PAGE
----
Run Catch Kiss

Philadelphia City Paper

“Amy Sohn” – August 6-August 12, 1999

interview by Howard Altman

Amy Sohn, the 25-year-old author of Run Catch Kiss (Simon & Schuster) — a largely

autobiographic novel about the meteoric rise of a New York sex columnist — discovered her yen to perform in the living room of her grandparents’ Mount Airy home when she did a striptease at the age of two. City Paper recently caught up with Sohn — whose Female Trouble column appears in the New York Press.

What reaction do you get from a prospective date when you tell him about your column?

Everything from sort of immediate fear [laughs] to increased interest. Well, everybody’s very concerned about covering their own ass. Nobody wants to be written about, and I think guys particularly are really insecure about being evaluated on any kind of sexual level.

Do you find that some guys have an increased expectation of what’s going to happen at the end of the night because of the column?

This is something I’ve had to deal with a lot lately, where they think I’m gonna be easy [laughs]. And they think that I maybe won’t necessarily expect anything of them emotionally, and that’s not true at all. I mean, I don’t know anyone like that. My persona in the column is so sexually voracious and so jaded that I think a lot of guys make the mistake of buying into the persona.

I think for a lot of guys the idea of sex without the attachment is great.

But at the same time in the column I’ve also written about always being the more vulnerable one in relationships, and, you know, being in a monogamous relationship, and my incredible romanticism. So sometimes I wonder.… I think they think that I’m going to be the one girl who doesn’t ask anything of them.

Who does the dumping in your relationships?

I’m usually dumped.


I don’t know. I mean, the first one, it was because I cheated on him. I feel like I always invest more quickly than the guys do, and I spent a lot of time trying to stop doing that.

How divorced are you from that persona in the column?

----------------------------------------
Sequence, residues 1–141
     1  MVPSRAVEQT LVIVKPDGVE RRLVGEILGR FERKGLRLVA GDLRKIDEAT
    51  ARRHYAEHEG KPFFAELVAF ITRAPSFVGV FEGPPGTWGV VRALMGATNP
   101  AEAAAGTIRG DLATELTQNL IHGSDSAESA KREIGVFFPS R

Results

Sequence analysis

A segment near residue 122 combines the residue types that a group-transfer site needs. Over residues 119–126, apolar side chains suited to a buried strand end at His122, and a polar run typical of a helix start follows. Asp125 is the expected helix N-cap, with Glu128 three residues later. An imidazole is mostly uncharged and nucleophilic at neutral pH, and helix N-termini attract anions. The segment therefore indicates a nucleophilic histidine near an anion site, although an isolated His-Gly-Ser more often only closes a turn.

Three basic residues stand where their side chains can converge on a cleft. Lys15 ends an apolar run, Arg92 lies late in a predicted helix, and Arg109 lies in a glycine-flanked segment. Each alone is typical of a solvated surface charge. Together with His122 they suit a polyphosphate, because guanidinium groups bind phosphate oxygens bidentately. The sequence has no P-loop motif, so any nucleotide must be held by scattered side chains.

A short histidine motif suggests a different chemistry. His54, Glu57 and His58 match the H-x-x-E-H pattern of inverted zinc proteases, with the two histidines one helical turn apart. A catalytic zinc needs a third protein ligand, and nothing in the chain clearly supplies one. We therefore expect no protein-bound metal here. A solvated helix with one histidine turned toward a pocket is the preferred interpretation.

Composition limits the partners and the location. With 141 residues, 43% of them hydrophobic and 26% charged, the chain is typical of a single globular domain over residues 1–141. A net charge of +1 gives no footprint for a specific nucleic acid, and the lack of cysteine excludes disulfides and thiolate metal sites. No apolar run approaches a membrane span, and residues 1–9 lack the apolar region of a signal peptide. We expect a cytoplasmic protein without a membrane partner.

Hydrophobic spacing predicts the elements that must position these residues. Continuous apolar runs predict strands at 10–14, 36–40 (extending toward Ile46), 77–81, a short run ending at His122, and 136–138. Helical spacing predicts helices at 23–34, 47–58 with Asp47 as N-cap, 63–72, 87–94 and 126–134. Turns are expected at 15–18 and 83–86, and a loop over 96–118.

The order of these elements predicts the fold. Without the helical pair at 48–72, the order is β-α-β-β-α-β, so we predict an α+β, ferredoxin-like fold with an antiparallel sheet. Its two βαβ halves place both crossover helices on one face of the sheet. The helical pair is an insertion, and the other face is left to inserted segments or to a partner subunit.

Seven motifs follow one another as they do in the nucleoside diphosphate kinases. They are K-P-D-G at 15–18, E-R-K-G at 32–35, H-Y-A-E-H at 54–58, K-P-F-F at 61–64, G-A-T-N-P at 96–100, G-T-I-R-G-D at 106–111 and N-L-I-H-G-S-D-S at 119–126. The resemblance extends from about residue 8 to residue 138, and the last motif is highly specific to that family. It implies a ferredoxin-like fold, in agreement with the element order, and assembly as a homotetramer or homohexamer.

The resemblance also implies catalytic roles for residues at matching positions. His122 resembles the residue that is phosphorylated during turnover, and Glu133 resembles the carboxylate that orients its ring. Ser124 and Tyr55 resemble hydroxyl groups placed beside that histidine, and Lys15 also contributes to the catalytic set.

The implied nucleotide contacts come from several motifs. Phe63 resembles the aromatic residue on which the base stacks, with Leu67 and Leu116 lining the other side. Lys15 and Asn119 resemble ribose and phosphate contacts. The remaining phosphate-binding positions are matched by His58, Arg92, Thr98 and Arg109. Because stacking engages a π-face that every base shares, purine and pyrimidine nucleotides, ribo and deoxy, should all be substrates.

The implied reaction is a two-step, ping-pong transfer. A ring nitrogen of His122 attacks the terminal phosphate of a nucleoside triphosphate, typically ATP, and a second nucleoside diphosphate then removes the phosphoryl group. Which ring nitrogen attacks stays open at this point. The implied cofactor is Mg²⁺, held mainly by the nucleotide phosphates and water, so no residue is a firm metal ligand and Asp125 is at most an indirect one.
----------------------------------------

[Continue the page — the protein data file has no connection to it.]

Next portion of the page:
That’s a good question — I mean, look, I have an active sex drive, I’m an aggressive person, I have a dirty mouth, I don’t have a problem saying what I think. Those are all traits that I share with the voice of the column, but at the same time, sex isn’t the first thing that I think about when I read about her.

Are you dating someone now?

Yes, I’m seeing someone now, a goy [laughs]. His column name is Paul, but in real life he has an even more Christian name.

What’s that?

I’m not saying.

You can’t get much more Christian than Paul unless it’s Jesus.

It’s not Jesus.

Is it another disciple’s name? Doesn’t matter…

There are a couple of apostles in there.

I was going to ask you about what your grandparents in Philly think about your book.

I don’t think they’ve read my book.

Have they read your column?

Um, luckily, they’re probably not going to read this article because they only read the Jewish Exponent and The Inquirer.

You know, my cover story this week is about a Jewish guy from Mount Airy who’s running for mayor, so…

Oh no. Oh no.

Do they know Sam Katz?

Sam Katz?

Oh yeah, they’re practically neighbors. So back to your book…

Basically, what happened was, my book came out. You know, my book contains um, uh, let’s see, the character strips for her guy, he ejaculates on himself, she has sex with the guy in a porno booth at Show World. She masturbates.

Is any of this based on…

I’m not telling.

Come on.

No, of course it’s all based on reality, but not each of the experiences happened exactly the way they… um.

Is there anything you’ve done that’s been too raunchy for the column?

Yeah, but all that stuff I put in the book.

When did you lose your virginity?

I was 14.

Can you tell me that story?

No, you should read it. It’s in the book.

[After everything I said about not wanting my grandparents to read this article, someone else in my family did read it and did pass it onto them. Embarrassment city. I’m really mad about it but I don’t know the relative well enough to let in on him. I just can’t believe anyone in their right mind would read everything I said in this interview, then made a conscious decision to show it to my grandparents – unless he was deliberately trying to infuriate me, which I don’t think he was.]